The crew of the World War Two action movie, which stars Pitt as a tank commander, enraged local residents in Oxfordshire, England by shooting scenes on Remembrance Sunday, despite reportedly receiving requests from local authorities to halt filming to observe the memorial.
A hundred British extras are said to have been hired to dress as German and U.S. troops for the shoot, including former soldiers, and were ordered to rampage across fields to create the scene in the early hours of Sunday morning.
War veterans, politicians and local residents have since criticised movie bosses and the film's director, David Ayer.
One actor, who is also an ex-soldier, tells Britain's Daily Mirror newspaper, "It's not as if he (Ayer) didn't know that for many of us Remembrance Sunday is the most important day of the year.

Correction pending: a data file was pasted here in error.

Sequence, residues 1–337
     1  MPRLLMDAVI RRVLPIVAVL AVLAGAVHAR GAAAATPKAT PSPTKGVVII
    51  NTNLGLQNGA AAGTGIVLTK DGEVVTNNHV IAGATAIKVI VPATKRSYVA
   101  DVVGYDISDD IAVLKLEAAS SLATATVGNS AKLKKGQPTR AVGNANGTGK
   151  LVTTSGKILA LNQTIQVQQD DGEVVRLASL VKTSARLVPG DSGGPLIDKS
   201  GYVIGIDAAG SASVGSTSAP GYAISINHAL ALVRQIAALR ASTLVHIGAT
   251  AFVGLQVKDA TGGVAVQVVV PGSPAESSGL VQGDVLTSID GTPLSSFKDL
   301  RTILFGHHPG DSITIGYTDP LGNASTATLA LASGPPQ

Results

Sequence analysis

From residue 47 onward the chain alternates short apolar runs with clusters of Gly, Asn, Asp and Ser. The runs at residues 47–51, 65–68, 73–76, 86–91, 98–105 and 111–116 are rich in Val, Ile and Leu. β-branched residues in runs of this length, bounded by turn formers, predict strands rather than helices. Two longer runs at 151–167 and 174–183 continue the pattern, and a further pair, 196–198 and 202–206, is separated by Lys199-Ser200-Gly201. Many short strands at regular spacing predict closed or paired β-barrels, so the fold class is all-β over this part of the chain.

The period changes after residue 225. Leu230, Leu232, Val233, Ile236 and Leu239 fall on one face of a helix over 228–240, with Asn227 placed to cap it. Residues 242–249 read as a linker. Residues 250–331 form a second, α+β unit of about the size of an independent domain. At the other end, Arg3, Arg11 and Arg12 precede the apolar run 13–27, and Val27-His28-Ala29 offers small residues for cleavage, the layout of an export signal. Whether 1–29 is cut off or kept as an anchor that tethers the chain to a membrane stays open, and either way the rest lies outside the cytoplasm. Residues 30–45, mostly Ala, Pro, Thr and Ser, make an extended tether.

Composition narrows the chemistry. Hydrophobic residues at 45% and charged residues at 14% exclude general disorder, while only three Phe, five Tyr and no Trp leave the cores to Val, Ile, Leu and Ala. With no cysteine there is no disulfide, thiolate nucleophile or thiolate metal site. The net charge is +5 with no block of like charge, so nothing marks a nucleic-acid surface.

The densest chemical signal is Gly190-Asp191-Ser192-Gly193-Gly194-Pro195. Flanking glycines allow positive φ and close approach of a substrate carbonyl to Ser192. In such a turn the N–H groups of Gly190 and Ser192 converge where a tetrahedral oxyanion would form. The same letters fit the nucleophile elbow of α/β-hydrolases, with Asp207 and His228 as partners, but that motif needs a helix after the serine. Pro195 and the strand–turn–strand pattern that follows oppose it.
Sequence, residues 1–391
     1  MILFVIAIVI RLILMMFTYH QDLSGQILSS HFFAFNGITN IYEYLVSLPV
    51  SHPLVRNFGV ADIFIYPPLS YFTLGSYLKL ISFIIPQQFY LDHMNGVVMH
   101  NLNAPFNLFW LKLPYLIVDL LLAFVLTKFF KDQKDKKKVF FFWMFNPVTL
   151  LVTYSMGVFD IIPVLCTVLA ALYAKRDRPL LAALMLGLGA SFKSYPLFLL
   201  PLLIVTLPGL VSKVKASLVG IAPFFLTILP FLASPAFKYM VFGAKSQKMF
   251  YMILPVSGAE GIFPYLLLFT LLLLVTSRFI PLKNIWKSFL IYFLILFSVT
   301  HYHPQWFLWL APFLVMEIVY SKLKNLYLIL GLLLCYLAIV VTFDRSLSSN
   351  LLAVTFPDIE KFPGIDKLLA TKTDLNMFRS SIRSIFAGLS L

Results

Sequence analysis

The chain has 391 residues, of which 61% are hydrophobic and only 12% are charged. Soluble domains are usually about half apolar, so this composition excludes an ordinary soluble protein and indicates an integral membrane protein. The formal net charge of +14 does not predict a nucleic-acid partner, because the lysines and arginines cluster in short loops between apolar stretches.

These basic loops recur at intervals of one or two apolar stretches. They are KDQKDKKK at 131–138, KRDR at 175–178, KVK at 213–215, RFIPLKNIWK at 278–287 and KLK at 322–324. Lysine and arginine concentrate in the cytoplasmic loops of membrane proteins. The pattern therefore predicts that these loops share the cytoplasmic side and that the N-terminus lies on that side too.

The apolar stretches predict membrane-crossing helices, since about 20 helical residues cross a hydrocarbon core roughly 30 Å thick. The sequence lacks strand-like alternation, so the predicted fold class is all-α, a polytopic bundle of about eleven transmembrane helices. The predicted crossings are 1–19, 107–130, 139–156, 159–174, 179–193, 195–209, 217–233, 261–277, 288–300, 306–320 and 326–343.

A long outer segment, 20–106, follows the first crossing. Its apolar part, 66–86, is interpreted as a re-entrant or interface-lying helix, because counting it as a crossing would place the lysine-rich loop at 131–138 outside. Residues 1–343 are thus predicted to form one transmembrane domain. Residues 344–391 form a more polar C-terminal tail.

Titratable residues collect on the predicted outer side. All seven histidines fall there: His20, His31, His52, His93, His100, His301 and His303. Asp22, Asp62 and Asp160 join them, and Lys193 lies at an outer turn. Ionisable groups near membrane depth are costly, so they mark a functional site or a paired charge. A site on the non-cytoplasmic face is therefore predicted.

"Instead of toasting our forebears whose bravery gave us this life, we were charging through the countryside dressed as marauding Nazis."
Colonel Richard Kemp, a former commander of British forces in Afghanistan, adds, "At the very time a nation pays tribute to those who gave their lives to stop Nazis rampaging across our land it seems grossly insensitive to impose such scenes on villagers."
Shadow Defence Minister Kevan Jones concludes, "I'm astonished producers would not consider it to be inappropriate to film such scenes on Remembrance Sunday. And it is outrageous appeals from locals to reconsider plans to film on such an occasion were ignored."
Representatives for the movie had yet to comment as Wenn went to press. Fury, which also stars Shia LaBeouf, is due for release next year (14).